The sum of N30 million and one surety who must be a residence of the Federal Capital Territory (FCT), Abuja has been requested as bail by the Abuja division of the Federal High Court for the former Director General of Small and Medium Enterprise and Development Agency (SMEDAN), Bature Umar Masari.
He was on Wednesday arraigned by the EFCC on a 17-count charge of alleged money laundering. His arraignment followed his alleged involvement in a N107.7 million money laundering and gratification case. When the charge was read to Masari, he pleaded not guilty and his lawyer, A. Magaji, SAN, urged the court to admit his client to bail.
Justice Okon Abang in his ruling on the oral bail application moved by counsel to Masari, Mahmud Magaji, a Senior Advocate of Nigeria, SAN, held that the offence upon which the defendant was charged before his court is bailable in nature.
In addition, Justice Abang, who noted that the granting of bail to a defendant is at the discretion of court, also relied on the provisions of sections 35 and 36 of the 1999 Constitution and sections 162 and 163 of the Administration of Criminal Justice Act, 2015. The judge, who upheld the argument of the defence counsel, also noted that the important thing to consider in granting bail is to ensure that the defendant will continue to attend court to stand trial.
“It is in the light of these that I am inclined to grant the application for bail. The defendant is hereby admitted to bail in the sum of N30 million with one surety in the like sum.”
In attaching conditions to the bail, Justice Abang held that “the surety must a residence in Abuja and owner of a landed property within the FCT with a Certificate of Occupancy (C of O) which must be verified by the relevant agencies.
“The Economic and Financial Crimes Commission in company of a police officer should confirm the residence of the surety.”
The court further ordered that the surety must depose to an affidavit of means and undertake to forfeit the bail bond.
Justice Abang ordered the defendant to deposit his International passport with the registrar of the court or a letter from the Nigerian Immigration Service, if he does not have an International passport.
On Wednesday when the arraignment took place, counsel to the defenfant Magaji, by way of oral application, argued that his client is entitled to bail and urged the court to grant him temporary freedom. However, prosecution counsel Ekele Ihenacho opposed the oral application by the senior advocate.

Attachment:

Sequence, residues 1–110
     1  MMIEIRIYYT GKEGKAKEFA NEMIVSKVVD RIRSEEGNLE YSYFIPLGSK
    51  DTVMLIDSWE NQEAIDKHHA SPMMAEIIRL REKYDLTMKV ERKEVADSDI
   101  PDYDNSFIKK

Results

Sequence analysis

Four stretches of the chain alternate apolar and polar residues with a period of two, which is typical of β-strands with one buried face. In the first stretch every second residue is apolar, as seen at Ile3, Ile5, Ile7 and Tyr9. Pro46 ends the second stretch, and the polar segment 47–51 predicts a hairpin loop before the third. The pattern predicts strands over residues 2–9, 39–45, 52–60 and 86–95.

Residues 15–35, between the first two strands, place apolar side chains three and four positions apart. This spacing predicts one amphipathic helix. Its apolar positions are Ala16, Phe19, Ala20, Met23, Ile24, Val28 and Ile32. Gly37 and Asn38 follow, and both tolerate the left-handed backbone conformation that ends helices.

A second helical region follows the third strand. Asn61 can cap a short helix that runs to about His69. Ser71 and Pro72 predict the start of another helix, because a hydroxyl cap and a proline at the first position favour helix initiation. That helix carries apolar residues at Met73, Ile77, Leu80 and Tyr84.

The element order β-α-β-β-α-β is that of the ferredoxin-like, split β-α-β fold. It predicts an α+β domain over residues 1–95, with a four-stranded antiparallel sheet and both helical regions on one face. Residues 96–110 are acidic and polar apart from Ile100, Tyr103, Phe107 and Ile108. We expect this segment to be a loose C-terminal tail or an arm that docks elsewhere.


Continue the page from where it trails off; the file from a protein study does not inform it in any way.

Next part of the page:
According to the prosecution counsel, there is the need for the senior advocate to place material facts on behalf of his client before the court, saying that the development will enable the judge to have an informed opinion on the matter. But ruling on the issue earlier, Justice Abang permitted counsel to the defendant Magaji to move an oral application for the bail of his client.
Abang who relied on the Court of Appeal decision in Abiola Vs Federal Republic of Nigeria (1995) ruled that a trial court can treat oral application for bail as long that a defendant is arraigned directly before the court.
“I have no choice than to apply the decision of the Court of Appeal on this matter and I am bound by it. The oral application by counsel to the defendant succeeds,” Justice Abang held.
It was after the ruling that he moved his oral application for the bail of his client. He told the court that the defendant will not jump bail and will always be available to stand trial.
Magaji had placed reliance on the constitutional provisions contained in sections 35 and 36 of the 1999 Constitution, as well as sections 162 and 163 of ACJA, 2015 in urging the court to admit his client to bail.
He also referred the court to the case law in Eyu V State (1988) and Abiola vs FRN to support his argument. On his part, rosecution counsel Faruk Abdulah urged the court to use its discretion on the issue of the bail of the defendant.
He noted that the paramount duty of court is to ensure that the defendant is available to stand trial. The prosecution counsel urged the court to impose terms that will make the defendant attend his trial.
The case, meanwhile, has been adjourned to May 24 for trial.